Rather religious ideas, like all other ideas, are products of social and historical circumstances. Karl Marx said, “Religious suffering is, at one and the same time, the expression of real suffering and a protest against real suffering.
“Religion is the sigh of the oppressed creature, the heart of a heartless world, and the soul of soulless conditions. It is the opium of the people. To abolish religion as the illusory happiness of the people is to demand their real happiness.
“The demand to give up illusions about the existing affairs is the demand to give up a state of affairs that needs illusions.
“The criticism of religion is therefore in embryo the criticism of the vale of tears, the halo of which is religion.”
It is no wonder people take refuge in belief in supernatural forces in the storm that is class society. This is truest at the heart of the beast in the US.
Marx’s argument that the demand for a secular state is not enough is just as true today. Secularism in itself doesn’t get rid of religion, because it doesn’t deal with the reasons people have religious ideas.
Religious faith is not the cause of oppression, but a response to it. Looking at religion divorced from other social aspects is a waste of time.
In contrast, Marx called for the radical generalisation of “political emancipation” into a “human emancipation” that would transform economic relations and society.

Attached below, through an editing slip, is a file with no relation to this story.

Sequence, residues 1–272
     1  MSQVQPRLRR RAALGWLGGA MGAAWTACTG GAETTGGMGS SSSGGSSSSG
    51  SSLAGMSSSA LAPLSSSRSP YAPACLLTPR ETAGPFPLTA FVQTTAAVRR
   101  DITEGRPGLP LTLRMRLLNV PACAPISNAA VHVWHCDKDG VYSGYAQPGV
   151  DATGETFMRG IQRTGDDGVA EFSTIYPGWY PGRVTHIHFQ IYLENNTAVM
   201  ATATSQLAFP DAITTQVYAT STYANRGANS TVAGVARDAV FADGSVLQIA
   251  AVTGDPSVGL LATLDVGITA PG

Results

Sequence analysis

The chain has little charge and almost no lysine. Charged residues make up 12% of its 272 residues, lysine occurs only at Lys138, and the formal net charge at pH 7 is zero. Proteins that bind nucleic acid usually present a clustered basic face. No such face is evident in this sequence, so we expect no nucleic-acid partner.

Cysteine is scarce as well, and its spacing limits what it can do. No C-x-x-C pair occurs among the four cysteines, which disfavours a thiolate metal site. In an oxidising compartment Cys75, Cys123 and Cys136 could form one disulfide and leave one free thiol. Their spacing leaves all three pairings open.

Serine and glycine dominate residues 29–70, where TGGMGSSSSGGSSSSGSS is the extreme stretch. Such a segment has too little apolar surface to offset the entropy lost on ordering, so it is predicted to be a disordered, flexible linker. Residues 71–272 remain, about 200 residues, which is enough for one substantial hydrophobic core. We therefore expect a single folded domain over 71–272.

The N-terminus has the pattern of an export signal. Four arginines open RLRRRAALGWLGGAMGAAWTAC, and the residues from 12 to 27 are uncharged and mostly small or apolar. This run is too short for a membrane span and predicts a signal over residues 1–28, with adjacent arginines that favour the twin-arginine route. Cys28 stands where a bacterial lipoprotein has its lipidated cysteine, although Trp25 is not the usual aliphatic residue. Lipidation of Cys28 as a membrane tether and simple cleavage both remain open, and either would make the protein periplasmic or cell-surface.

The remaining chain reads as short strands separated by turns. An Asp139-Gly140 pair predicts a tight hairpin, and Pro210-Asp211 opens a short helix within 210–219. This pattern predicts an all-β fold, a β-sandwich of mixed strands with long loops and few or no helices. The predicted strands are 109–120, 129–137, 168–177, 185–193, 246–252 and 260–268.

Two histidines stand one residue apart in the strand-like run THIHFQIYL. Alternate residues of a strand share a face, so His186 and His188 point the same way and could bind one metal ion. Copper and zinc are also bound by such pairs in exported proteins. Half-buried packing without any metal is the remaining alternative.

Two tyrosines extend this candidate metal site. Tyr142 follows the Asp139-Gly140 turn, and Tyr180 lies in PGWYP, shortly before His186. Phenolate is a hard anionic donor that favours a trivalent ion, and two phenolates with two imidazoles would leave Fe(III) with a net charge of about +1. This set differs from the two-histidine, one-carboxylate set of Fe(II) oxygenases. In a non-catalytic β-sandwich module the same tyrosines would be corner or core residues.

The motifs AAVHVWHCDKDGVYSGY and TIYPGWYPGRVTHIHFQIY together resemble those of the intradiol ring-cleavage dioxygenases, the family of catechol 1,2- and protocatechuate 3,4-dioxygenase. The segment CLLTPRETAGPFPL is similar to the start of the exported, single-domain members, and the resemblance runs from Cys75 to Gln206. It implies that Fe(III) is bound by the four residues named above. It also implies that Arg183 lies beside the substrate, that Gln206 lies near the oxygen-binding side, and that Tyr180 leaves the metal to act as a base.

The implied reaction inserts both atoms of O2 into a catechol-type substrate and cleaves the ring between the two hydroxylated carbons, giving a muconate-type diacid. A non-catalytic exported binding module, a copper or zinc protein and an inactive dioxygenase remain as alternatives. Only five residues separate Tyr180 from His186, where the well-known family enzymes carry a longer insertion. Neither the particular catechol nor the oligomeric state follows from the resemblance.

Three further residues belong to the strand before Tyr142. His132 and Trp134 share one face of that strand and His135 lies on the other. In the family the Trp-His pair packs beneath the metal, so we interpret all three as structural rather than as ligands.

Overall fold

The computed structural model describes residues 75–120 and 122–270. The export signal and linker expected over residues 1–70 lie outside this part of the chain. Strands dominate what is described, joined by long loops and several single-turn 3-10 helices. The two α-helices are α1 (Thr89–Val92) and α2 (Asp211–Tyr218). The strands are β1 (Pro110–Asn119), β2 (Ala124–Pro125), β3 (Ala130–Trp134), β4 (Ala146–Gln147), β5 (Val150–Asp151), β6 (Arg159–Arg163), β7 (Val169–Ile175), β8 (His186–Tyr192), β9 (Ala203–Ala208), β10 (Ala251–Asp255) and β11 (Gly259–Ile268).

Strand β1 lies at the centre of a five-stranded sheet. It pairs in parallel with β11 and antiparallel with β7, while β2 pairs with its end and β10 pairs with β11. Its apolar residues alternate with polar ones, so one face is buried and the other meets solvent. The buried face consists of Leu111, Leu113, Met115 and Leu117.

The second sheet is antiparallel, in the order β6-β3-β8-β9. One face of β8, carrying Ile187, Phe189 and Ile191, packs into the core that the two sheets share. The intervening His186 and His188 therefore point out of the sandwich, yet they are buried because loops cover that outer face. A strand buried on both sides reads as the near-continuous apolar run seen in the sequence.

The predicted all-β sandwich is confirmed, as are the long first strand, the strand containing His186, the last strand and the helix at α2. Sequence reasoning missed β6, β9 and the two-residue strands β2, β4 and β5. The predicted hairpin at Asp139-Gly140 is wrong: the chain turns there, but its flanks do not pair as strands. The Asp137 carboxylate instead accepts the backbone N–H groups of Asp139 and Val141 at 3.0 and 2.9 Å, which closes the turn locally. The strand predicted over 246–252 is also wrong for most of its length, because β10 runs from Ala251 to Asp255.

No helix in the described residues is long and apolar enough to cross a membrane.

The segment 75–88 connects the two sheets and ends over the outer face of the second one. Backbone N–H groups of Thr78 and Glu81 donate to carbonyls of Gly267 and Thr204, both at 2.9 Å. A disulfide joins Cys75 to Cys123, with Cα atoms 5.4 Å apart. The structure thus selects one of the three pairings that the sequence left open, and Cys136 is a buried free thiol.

This socialist political project would be based on a materialist understanding of the world, not just an atheistic one. While there is a degree of hypocrisy in the liberal defence of the Enlightenment, certain radical ideas did emerge.
These include the idea of religious tolerance and the defence of the rights of minorities.
Voltaire’s talk of defending people he disagreed with was largely concerned with stopping the persecution of religious minorities, the equivalent of today’s Muslims. But imperialism and racism are not hangovers from an earlier age of superstition. Both have grown up under capitalism.
The greater irrationality of capitalism is in the void between the reality of freedom it promises and the constraints—economic, political, social—it offers in reality.
That is why we should not be drawn behind hypocritical campaigns designed to bolster the tainted image of our rulers.
Nor can we give an inch to those who seek to entrench even deeper the vile racism and Islamophobia that already exists in society.
The prophet and the proletariat by Chris Harman
The Bolsheviks and Islam by Dave Crouch
The Meek and the Militant—Religion and Power Across the World by Paul Siegel
Available at Bookmarks, the socialist bookshop. Phone 020 7637 1848 or go to www.bookmarksbookshop.co.uk